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MBA Schools Around the Country Rally to Collect Donations for Afghan Refugees on Veterans’ Day6 min read

When the U.S. pulled out of Afghanistan this year, tens of thousands of Afghan refugees came to the U.S., including those who worked alongside American forces over the two-decades-long war. The U.S. evacuated over 65,000 Afghans, and the government is expected to resettle 95,000 Afghan refugees by September 2022.  Many of them, who came to the States with nothing more than the clothes on their backs, are now residing in military bases waiting to be processed and resettled.

For this year’s Veterans’ Day, Stern’s Military Veterans Club is holding a clothing and household goods drive for Afghan refugees in Central New Jersey.

Stern is joining other MBA schools, like UC Berkeley, Stanford, UCLA and USC to collect donations for their local Afghan refugee bases. The idea for the drive came from Junaid Lughmani, an Army veteran and MBA1 at Berkeley’s Haas School of Business. Lughmani served as both a Pashto interpreter and an infantry officer in Afghanistan for four years. 

After the U.S. withdrawal, Lughmani focused on evacuation and humanitarian relief in Afghanistan. When he learned about the conditions refugees are facing at military installations he wanted to do more.

Afghanistan drive at UC Berkeley, November, 2021. Photo credit: Junaid Lughmani 

Calling his four year in Afghanistan transformative, Lughmani said, “After the Taliban’s takeover of Kabul, like many in the veteran community, I felt a moral obligation to do anything and everything I could to help the people of Afghanistan.”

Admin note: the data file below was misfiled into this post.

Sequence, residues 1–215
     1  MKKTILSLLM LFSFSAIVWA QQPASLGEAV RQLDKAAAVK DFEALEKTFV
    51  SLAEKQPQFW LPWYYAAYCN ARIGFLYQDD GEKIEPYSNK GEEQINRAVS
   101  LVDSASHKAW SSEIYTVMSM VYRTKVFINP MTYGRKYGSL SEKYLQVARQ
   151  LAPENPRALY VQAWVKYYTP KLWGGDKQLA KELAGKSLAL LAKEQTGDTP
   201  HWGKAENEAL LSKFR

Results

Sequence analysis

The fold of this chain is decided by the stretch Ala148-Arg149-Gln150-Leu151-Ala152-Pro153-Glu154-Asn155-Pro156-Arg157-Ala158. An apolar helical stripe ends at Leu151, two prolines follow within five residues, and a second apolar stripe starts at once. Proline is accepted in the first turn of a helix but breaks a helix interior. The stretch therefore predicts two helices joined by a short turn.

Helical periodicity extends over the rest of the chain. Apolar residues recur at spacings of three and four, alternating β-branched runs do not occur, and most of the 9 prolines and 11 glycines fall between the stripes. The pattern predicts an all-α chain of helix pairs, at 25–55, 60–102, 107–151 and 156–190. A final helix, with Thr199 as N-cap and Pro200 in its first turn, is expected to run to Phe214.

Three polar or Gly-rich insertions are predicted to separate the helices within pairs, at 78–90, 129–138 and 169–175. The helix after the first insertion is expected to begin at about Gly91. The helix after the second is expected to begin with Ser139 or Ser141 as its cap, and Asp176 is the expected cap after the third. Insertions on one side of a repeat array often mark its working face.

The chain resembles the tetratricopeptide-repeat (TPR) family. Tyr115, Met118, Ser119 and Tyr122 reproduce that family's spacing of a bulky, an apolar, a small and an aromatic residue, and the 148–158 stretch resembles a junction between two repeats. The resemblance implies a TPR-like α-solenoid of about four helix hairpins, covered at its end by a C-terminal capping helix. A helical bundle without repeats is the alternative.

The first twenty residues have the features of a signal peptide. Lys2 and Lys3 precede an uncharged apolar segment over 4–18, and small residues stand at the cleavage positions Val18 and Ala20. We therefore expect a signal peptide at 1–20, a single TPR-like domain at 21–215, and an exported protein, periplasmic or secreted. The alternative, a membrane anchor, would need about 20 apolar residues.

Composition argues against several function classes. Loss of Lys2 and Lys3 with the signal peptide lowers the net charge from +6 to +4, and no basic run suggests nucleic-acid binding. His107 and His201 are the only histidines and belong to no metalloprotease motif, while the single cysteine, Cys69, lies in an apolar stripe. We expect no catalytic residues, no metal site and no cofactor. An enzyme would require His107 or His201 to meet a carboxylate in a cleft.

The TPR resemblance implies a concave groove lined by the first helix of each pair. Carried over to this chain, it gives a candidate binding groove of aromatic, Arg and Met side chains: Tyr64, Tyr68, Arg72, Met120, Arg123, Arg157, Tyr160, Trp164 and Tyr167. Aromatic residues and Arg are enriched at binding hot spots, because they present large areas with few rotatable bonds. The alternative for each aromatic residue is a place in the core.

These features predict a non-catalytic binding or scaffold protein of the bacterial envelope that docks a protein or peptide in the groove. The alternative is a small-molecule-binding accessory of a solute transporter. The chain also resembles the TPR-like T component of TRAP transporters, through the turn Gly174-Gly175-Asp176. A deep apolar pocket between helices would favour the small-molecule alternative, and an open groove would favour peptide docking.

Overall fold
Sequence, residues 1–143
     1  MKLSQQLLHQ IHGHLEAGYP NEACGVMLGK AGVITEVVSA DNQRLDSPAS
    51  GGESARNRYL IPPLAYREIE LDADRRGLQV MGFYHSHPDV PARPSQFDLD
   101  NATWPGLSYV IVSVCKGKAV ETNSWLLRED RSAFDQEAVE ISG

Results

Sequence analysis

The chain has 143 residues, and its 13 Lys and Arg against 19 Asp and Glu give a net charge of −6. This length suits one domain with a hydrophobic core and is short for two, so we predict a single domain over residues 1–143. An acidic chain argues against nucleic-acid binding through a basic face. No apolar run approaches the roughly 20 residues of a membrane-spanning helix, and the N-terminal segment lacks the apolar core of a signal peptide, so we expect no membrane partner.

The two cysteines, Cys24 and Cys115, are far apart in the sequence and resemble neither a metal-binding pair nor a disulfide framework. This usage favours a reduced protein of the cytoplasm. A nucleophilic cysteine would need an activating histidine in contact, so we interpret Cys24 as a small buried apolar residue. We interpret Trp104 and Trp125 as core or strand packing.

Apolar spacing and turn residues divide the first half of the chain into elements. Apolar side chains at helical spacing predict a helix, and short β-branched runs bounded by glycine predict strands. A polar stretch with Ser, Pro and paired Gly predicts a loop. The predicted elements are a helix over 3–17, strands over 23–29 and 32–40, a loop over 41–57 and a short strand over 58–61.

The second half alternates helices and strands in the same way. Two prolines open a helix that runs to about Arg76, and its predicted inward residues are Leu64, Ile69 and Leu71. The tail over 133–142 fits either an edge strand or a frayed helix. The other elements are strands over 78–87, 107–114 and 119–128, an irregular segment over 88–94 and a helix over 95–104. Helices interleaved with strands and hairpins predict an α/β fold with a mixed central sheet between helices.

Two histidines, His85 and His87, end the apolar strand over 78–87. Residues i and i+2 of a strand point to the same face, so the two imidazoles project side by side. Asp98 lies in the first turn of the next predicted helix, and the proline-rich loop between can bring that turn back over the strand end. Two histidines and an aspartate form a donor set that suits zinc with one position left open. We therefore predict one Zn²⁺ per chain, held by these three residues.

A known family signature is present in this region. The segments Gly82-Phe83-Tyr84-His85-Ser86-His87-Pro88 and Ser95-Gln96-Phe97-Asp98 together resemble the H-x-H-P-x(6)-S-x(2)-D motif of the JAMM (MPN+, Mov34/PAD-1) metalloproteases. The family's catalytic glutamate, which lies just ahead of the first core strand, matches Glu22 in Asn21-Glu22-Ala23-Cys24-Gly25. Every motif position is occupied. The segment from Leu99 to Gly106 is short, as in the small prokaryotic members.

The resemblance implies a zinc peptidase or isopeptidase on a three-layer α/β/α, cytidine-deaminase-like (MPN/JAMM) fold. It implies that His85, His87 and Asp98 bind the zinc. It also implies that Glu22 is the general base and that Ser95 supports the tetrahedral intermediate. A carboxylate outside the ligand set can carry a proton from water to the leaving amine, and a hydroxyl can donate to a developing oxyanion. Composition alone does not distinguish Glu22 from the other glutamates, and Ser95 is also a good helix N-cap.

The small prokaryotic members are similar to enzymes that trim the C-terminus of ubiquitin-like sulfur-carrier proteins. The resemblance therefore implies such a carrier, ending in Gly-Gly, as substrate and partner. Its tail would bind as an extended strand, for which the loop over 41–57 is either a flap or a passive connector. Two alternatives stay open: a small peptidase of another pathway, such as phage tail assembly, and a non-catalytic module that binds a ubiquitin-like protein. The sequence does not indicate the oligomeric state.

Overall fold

Haas’ Veterans Club started a collective drive in Northern California and, after Stanford joined in, Lughmani sought to scale up this initiative and reached out to other schools like Stern.

Lughmani commented, “The minute I spoke with Chris (Meyer ‘22) about the initiative, he was all in. I could sense a goodness in him to want to help Afghans, and for that, he is a brother for life. NYU has been an incredible partner in this effort.”

I sat down with Chris Meyer, the co-president of the Military Veterans Club (MVC), about the importance of this event and his take on the current Afghan refugee crisis.  

Tell us a little about yourself, your background and your experiences in the military. 

My name is Chris Meyer. I’m an MBA2 going into consulting after graduation. Before Stern, I served 11+ years in the Navy. I was a Naval Aviator and flew the MH-60S multi-mission helicopter. I deployed aboard aircraft carriers with various squadrons all around the world.

Tell us about this event put on by the Military Veterans Club.

I am the co-president, with Bartek Czarnik, of the Military Veterans Club. We decided to participate in a clothing and household items drive for the Afghan refugees who left Afghanistan after the Taliban takeover in August. The event will last the week of November 8th through November 12th at Stern and will continue online via an Amazon Wish List benefitting the “Liberty Village” in New Jersey (more on this below).

How’s it going so far?

It is going well so far. We have had many inquiries from students and faculty at Stern about where and how to donate, and have had a lot of action on the Amazon Wish List. This effort is going to continue online after the physical drop boxes are removed November 12.